Written by NZANLP Contributors
While NLP has not had as much research as other therapy modalities such as cognitive behavioural therapy, there have been some interesting studies that have shown some good results, and suggest that further research would be most useful. You can read a summary and access some of this research here.
Reconsolidation of Traumatic Memories (RTM) has been shown to eliminate Post Traumatic Stress (PTS) symptoms in over 90% of returned US military veterans who were treated using this NLP protocol. The pilot study was first published in 2015 and subsequently replicated three more times in 2017 with similar results.
4 Steps for Dealing with Bereavement was developed using NLP modelling techniques. This research paper explains the model, discusses two case studies to demonstrate its application in both short-term and long-term therapeutic processes, and concludes that this NLP model provides a practical set of techniques to apply in crisis intervention as well as undertaking deeper therapeutic work.
One of the most exciting NLP studies was by Muss in 1991, who used the NLP Trauma Method to help PTSD sufferers from the forces. 100% of the trial group got rid of their symptoms and maintained wellness.
“Re-minding the body of its own abilities” is an article by NLP trainer and nurse Richard Bolstad, looking at placebo studies, the role of the mind in overcoming pain, and in increasing immune function.
Sales / Marketing
Dr Richard Bolstad reviews some of the research into the science of purchasing with a multiple of referential sources. He concludes with 3 areas to improve sales through NLP. These include a powerful state of mind, rapport, and language patterns.
Relational skills are absolutely necessary for trainers and managers to create a bond with their audience. This paper demonstrates how a NLP approach to the presentation process, provides a better understanding of the linguistic characteristics, techniques and strategies which enrich and make our speech more persuasive.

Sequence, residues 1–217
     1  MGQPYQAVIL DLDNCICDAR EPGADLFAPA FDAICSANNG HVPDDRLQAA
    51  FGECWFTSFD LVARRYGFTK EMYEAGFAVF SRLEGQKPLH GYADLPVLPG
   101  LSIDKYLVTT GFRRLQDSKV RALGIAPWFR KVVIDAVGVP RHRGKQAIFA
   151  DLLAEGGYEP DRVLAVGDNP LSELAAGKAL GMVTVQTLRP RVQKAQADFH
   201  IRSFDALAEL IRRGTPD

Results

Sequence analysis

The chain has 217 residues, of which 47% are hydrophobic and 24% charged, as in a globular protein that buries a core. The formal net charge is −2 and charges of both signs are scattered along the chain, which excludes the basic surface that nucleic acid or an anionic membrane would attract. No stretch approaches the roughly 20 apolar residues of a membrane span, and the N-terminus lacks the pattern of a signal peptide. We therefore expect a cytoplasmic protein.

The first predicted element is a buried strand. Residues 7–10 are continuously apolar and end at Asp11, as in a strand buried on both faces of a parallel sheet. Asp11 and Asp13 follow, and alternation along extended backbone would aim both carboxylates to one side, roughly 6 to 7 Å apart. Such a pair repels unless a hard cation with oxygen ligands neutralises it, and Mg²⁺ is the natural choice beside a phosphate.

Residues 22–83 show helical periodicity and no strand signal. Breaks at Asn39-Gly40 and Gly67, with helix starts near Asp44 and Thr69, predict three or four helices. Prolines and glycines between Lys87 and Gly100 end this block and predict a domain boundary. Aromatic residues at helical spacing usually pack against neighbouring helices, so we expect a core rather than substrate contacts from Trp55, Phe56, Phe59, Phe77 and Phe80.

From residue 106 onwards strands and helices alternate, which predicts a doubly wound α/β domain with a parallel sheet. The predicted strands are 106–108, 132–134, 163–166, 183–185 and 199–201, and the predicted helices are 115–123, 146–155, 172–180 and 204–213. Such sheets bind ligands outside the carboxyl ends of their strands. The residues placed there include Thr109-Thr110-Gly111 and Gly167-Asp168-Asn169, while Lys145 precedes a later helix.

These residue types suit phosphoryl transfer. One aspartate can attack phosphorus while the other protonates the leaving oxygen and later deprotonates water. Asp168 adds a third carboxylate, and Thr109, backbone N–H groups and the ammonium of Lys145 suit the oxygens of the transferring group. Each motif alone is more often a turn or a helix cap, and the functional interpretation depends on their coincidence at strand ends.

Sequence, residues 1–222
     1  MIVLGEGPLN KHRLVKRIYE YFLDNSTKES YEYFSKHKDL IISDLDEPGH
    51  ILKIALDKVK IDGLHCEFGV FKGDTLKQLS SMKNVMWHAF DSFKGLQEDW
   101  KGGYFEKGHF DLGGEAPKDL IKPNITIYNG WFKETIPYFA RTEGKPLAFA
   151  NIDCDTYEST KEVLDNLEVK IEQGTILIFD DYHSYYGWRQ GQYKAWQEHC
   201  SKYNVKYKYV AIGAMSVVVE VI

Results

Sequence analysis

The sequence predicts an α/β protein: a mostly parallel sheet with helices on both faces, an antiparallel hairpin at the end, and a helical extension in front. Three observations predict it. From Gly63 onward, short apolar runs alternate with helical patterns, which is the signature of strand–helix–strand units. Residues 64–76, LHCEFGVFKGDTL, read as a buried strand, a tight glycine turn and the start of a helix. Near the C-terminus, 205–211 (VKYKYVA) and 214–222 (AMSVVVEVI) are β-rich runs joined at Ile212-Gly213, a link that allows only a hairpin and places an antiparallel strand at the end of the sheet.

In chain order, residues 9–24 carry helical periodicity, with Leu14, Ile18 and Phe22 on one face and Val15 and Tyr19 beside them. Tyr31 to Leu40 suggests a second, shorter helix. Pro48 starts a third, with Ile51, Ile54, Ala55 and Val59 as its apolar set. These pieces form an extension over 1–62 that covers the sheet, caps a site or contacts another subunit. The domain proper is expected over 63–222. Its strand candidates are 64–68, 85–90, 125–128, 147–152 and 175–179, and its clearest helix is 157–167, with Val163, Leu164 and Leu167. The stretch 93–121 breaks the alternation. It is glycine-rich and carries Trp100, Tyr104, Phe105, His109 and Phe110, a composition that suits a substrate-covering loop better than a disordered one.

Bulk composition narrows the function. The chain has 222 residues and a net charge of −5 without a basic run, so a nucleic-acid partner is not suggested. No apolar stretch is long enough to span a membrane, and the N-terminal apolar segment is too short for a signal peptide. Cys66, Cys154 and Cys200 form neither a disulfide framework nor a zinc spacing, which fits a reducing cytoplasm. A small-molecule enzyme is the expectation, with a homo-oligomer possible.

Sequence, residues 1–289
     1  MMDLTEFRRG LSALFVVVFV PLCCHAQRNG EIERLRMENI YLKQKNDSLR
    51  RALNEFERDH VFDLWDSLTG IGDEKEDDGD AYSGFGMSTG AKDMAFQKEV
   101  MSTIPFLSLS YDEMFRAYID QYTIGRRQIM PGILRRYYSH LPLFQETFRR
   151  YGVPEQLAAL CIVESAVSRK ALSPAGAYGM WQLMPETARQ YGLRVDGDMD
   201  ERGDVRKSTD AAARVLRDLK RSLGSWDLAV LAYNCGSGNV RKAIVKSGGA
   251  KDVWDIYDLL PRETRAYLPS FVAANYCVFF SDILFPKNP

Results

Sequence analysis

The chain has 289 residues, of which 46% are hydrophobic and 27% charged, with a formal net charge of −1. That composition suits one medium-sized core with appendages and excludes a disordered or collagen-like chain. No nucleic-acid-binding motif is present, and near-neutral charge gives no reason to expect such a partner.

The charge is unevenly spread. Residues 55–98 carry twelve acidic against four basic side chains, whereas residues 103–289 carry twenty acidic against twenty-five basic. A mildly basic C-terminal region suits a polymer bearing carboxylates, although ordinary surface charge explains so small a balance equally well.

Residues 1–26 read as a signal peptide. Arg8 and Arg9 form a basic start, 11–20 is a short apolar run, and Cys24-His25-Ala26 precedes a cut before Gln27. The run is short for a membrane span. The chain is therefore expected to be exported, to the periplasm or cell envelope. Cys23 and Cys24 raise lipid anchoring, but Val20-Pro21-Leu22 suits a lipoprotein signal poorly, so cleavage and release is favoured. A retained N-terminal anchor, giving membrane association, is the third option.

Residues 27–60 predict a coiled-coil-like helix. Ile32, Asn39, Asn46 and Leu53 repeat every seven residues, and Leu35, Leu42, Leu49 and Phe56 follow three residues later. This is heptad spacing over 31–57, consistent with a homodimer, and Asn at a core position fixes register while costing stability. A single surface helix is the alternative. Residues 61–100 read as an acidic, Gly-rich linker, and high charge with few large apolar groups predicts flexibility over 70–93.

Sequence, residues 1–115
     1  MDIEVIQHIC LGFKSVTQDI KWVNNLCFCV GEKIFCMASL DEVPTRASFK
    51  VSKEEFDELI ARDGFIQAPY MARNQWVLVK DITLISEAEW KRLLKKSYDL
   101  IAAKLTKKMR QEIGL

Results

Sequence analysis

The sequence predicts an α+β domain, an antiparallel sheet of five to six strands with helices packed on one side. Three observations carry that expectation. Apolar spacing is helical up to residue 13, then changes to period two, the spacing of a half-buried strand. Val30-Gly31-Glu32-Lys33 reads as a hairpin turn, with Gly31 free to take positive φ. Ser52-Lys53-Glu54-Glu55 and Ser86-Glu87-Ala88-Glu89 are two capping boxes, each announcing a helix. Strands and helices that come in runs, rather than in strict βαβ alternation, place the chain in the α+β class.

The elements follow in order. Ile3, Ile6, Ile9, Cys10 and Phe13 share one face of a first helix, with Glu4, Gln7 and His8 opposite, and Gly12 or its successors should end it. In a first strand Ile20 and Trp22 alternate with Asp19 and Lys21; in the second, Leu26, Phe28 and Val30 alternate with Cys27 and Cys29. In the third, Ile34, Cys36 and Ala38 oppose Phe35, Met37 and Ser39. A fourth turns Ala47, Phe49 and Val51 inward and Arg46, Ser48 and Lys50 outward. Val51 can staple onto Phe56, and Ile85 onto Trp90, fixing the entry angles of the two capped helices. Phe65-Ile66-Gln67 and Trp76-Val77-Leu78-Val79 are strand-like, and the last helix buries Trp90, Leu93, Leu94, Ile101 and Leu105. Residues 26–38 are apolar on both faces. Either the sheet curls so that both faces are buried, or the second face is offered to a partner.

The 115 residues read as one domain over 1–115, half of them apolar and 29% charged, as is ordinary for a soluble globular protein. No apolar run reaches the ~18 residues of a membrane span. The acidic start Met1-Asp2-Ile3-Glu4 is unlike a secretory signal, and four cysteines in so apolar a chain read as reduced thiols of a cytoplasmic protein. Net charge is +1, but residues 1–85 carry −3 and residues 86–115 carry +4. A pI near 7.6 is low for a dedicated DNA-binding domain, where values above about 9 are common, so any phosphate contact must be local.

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This article explores the contribution NLP has to make to coaching and concludes that NLP is “a useful model for coaches because it allows them to codify and respond appropriately to their own and their clients’ experience”.
This paper offers an informed, detailed and more academic view of NLP in relation to its role in the development and validation of professional coaching practices that are grounded in established psychological theory and research.
A comprehensive analysis of the research done thus far, as well as areas requiring further research, in terms of how NLP applies to classroom education. This is published by the CfBT Education Trust in the UK. Although cautioning practitioners in the field of NLP to ensure they adjust their terminology to align with scientific evidence about the brain, the authors nevertheless conclude that: “there would appear to be benefit in teaching elements of NLP to teachers and indeed to children. Specifically, teachers in this study reported benefits that may offer ways to support those students who are struggling in the areas of self-motivation and the control of impulsivity (both of which were identified as significant for attainment by Rodeiro, Bell and Emery, 2009)”.
A study with two control groups of Iranian EFL students – one group received an NLP based approach to learning and the other did not. The former group showed more progress: The results…indicated that the young Iranian EFL learners of English not only increased on their motivation level as a result of receiving NLP techniques, but showed a considerable improvement in EFL proficiency. Furthermore, NLP techniques contributed positively to teacher's success…”.